The last cover story, "He Should Have Known Better" (November 29), highlights Larry Harmon's utter lack of professional and courteous journalism. Larry has disregarded the duty of ethics in his field. Larry should have known better! A few of his statements can be interpreted as a malicious public attempt to slander an independent downtown business that doesn't need any more trouble around its name or that of the owner, one that I'll refrain from using. I, unlike Larry, have class. Why talk about the owner? That information was not valid to the story. Just saying a bar or place downtown would be sufficient. Larry didn't say the names of the Mexican gangsters or people Squire sold drugs to. Larry is scared of those guys. Larry should be ashamed of sounding like a fourth-grade drama queen, and no "I'm sorry" could ever take back what's been printed. If he can dish that, he can eat this -- Larry, you should give up writing and get a job at a porn shop so you can be the creep you are.
I picked up a copy of this week's Reader, and I'm a big fan of a couple of the sections in there, one of which is the "Crasher" column. But I've got to say that this week (November 29) I think it's absolutely disgusting. I can't believe you would print something that glorifies drinking to the extent it does, and I think it's absolutely horrible. If this is the only way for someone to have fun at a party, maybe I'll just stop reading the column. I expect more from you guys.
The Reader is a document that need not be read in its entirety at all. Simply flipping its pages gives the mind a panorama of a culture of decadence, confusion, insanity, and decline, and this is worth the five minutes it takes to flip through these worthless pages. Therefore, the Reader redeems itself by serving as an example of a decaying culture, coughing out its last alcoholic vomit and other drug-infested mucus. And that is all.
The Entitled Hartin
Just read the article on South Mission Beach Jetty published November 29 ("SurfDiego").
Are you kidding me? You actually ran this article? Are you looking to promote "localism" in San Diego? What kind of logic is "Regulars are a higher caliber surfer and entitled to the better waves at South Mission Jetty"? If you are so regular and have only surfed SMJ every day for the last 30 years, you can't be all that "high calibered." You have no idea what other breaks are like or how to surf other breaks.
What is this sense of entitlement Hartin boy has? Fights? Yeah, right! I'll call the cops and have them thrown in jail for harassing me. Just last week my buddies and I were at a break where a "regular" was dropping in on other surfers, and when confronted he claimed to be a "local." Ha! What the hell is a local? The number of years you surfed there? How great you are? At what point does someone become a "regular/local"? If Kelly Slater was to paddle out to your break and take most of the waves, what are you going to do? Why would you not want beginners to surf there if it is such a great break? Are beginners not entitled to some guidance?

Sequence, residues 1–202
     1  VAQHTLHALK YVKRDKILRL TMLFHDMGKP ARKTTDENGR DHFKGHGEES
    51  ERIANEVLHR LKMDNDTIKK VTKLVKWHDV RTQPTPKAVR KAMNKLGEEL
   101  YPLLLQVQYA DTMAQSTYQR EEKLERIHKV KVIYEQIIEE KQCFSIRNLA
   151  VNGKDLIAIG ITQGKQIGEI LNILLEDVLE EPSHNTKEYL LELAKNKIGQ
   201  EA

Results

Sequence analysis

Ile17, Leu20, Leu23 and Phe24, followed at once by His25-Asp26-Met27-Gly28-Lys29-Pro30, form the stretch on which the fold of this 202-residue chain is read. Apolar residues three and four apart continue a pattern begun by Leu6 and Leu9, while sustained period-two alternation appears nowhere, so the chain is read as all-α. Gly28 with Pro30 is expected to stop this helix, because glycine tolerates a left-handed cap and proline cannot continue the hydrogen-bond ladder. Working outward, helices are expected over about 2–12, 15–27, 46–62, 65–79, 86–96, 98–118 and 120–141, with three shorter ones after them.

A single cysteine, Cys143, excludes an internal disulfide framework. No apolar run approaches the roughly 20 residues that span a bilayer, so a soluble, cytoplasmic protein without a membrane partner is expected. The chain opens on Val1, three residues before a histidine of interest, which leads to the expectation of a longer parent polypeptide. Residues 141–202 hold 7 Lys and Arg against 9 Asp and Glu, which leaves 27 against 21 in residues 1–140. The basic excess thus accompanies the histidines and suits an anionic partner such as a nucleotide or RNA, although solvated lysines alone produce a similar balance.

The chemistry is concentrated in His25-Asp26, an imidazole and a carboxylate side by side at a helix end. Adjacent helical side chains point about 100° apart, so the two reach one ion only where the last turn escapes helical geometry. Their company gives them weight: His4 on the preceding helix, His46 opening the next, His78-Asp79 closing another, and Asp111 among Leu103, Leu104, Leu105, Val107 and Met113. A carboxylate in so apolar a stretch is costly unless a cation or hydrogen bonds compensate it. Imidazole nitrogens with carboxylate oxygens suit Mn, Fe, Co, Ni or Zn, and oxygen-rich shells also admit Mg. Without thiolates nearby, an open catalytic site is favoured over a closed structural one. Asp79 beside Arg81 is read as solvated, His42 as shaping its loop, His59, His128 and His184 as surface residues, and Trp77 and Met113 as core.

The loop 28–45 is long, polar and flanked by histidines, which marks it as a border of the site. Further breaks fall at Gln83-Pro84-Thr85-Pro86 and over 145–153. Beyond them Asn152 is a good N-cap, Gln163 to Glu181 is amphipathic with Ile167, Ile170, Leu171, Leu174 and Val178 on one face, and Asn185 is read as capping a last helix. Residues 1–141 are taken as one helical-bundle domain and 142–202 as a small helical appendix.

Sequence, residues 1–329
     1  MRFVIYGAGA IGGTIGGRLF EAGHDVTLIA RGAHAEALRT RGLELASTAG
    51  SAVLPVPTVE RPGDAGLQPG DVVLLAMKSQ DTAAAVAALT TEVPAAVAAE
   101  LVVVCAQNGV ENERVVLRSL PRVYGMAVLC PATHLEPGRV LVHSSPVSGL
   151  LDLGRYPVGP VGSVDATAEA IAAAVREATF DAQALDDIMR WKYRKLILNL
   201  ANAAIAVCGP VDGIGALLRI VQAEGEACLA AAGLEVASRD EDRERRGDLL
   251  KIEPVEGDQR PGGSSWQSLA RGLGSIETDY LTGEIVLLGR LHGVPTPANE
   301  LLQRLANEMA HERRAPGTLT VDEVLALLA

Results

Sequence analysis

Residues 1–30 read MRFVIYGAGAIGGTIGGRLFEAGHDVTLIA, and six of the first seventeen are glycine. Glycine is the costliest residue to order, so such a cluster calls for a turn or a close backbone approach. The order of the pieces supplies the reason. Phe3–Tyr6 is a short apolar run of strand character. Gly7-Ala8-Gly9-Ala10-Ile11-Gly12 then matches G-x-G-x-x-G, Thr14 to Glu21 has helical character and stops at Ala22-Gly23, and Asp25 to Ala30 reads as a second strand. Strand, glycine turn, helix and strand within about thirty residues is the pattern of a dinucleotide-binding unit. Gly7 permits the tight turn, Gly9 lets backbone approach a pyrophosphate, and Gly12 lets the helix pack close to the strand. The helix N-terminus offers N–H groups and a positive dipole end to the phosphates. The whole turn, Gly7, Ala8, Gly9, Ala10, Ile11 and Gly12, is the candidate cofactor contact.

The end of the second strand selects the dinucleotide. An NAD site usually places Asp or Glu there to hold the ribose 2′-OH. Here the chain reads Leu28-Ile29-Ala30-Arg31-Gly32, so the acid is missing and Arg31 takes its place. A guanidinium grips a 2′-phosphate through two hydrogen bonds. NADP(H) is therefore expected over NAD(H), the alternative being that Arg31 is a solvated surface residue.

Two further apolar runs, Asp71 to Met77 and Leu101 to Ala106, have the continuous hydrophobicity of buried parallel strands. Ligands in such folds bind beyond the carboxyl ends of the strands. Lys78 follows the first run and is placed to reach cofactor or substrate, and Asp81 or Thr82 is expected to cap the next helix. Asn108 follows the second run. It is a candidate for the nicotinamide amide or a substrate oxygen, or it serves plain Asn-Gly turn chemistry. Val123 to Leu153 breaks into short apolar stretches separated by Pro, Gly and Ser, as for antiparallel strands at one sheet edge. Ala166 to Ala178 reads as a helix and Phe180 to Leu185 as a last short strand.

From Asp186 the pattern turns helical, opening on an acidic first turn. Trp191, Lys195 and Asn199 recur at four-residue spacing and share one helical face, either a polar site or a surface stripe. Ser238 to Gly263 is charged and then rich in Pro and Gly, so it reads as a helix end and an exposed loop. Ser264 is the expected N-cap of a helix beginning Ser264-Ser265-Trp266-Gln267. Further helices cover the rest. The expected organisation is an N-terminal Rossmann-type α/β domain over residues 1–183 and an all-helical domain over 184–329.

To Hartin, I'd say get over yourself and share this great sport. To the Reader, I'd ask your staff to consider what you are writing. There's already too much hate in this world; let's promote respect.Todd via email
Hear My Boo
My wife and I were at Bob Dylan's Christian concert at Golden Hall on November 27, 1979, which Jay Allen Sanford describes in "Blurt" in the November 29 issue. I was the one who performed the "one discernible moment of booing."
It was the sixth time I'd heard Dylan, and he'd never said more than a couple of mumbled "thank yous" before, and here he was with what I describe in my rock music book (Tell Tchaikovsky the News: An Essential Rock Music Collection, 1965-1979, 1984, unpublished, though G.P. Putnam's wanted an "irreverent book about rock music," so I sent mine, but they sent it back saying it was "too irreverent" -- I still have that letter) as "little piss-anty 6th grade sunday school s******* sermons," including the "I had this cross" rap you quote.
So the next time he started in, I took a deep breath, and at a pause in his sermonette, I bellowed as loud a boo as I could. The couple in front of me jumped. I was sitting in the dead middle of the audience and everyone heard it, half of whom cheered my boo while the other half booed it.
My wife couldn't take it, so she went out into the lobby, where they still sold hard liquor back then, and had a drink, during which a TV reporter came up and interviewed her. She expressed her unhappiness eloquently, and it was on the 11:00 news, unfortunately before the VCR-era, so we didn't get a videotape of it.
But an acquaintance of ours did tape the concert (smuggling it in dangling at his crotch), and even though he sat a long way from us, you can hear my boo and the crowd's reaction clearly.
But who cares? Dylan played the loveliest guitar solo that night I've ever heard him play. As a character in the movie American Pop repeatedly says, "It's the music I love."
Comments from Reader Website
Published November 28
Posted by BeHiResident on 11/28/07, 1:59 p.m.
I'm not surprised Dolce closed down. Ghettofabulites trying to be high rollers are bad for business and bad for a neighborhood. May the AC Lounge close next. F.Scott Fitzgerald said "the further away from wealth one is, the more one tries to live what one mistakes for a wealthy lifestyle. "